SALT LAKE CITY — If containing the pandemic were a sports competition, Utah would be headed to the playoffs.
I don’t know about you, but to try and make some sense of what’s going on, I like to look at the statistics, and in this age of instantaneous information there are plenty of statistics to look at.
In addition to the excellent site maintained by the Utah Department of Health — coronavirus.utah.gov — another one I keep open on my laptop is called worldometer, a reference website that tracks the number of cases, deaths, recoveries, tests, etc. in real time, as they happen, all over the world. I don’t know how they do it, but then I don’t know how Siri recognizes my voice, either.
Worldometer’s tracking of the individual states in the U.S. clearly shows that in relation to the rest of the country, whatever Utah is doing, it’s working.
As of the weekend, Utah ranked fifth in the U.S. in the least amount of COVID-19 deaths per capita (13 for every million people); fifth in tests given (approaching 30,000 per million); and second in the important category of deaths as a percentage of cases (only South Dakota is better). In other words, the vast majority of Utahns who have it are getting better as opposed to dying.
If coronavirus containment was a gymnastics meet, Utah would definitely be on the podium in the all-around.
As to the reasons why things have gone so relatively well, the natural assumption is that Utah, with the youngest population of the 50 states, was healthier to begin with, especially when it comes to respiratory factors.
Utah has the fewest number of smokers in the country (8.9%, the lowest by far) and ranks No. 4 in fewest number of adults who are obese (25.3% of Utahns are considered excessively overweight, according to the Centers for Disease Control; only California, Hawaii and Colorado have leaner populations. The national obesity average for adults in America, by the way, is 35% and climbing, which probably ought to also qualify as a pandemic).
But as much as statistics can support a good theory, they can also throw a cloud on one.
In perusing the worldometer stats for the U.S., I noticed that another state doing as well, or better, as Utah in pandemic scorekeeping is West Virginia.
West Virginia ranks in the top 10 in fewest deaths per million (17 going into the weekend, compared to Utah’s 13) and in coronavirus cases-per-million (a little under 600, or half Utah’s rate of 1,200-plus).
And yet, the Mountain State ranks 50th, as in worst, in smoking per capita (26%) and obesity per capita (38.1%) — in addition to having the oldest population in America. In these categories, Utah and West Virginia are direct opposites.
Scratching my head over this, I called the Utah Department of Health to see if I could make some sense of it.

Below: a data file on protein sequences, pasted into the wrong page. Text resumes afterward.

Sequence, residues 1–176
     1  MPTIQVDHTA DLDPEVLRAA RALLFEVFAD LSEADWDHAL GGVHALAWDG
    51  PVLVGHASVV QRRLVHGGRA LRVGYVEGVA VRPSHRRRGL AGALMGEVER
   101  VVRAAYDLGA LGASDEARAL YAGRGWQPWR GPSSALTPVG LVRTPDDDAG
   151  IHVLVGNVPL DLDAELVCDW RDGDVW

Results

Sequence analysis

Epidemiologist Keegan McCaffrey took my call. McCaffrey is part of the team of scientists who keep the numbers up to date on coronavirus.utah.gov.
Know what McCaffrey said when I asked him why Utah and West Virginia would have similar coronavirus stats?
“Hmmm, that’s a great question.”
He thought about it a little longer, and then said, “I don’t really know.”
He continued, “There’s a lot we don’t know yet about this virus. It’s so new, and we’re really just getting started. A lot of it’s a mystery, one I think we’ll learn a lot about in the coming months and years.”
Besides, McCaffrey hasn’t had the time to look at or ponder what’s going on elsewhere — in West Virginia or anywhere else.
He’s had his head down since January working 12 hour days crunching Utah’s numbers.
“We’ve been tracking this since the get-go,” he said. “I think what we’ve been able to do highlights the strengths of our health system in Utah. We have the reporting mechanisms in place that allow us to get data out daily to the public and the policymakers.”
Data that, by the way, resulted in the lockdown, social distancing, shelter-in-place safeguards that were quickly put into place more than a month ago and have made Utah a national leader in coronavirus response and success.
“What we’re seeing are really stable case counts since early April, even as testing increases,” said McCaffrey. “What we haven’t seen is that exponential growth we’re really concerned about; what we would have seen if we hadn’t done early intervention.
“We have a long road ahead of us. I don’t want us to be waving the victory flag just yet. But what we’re doing is working. That’s what the numbers show. That’s what’s happening here.”
He knows a lot about that.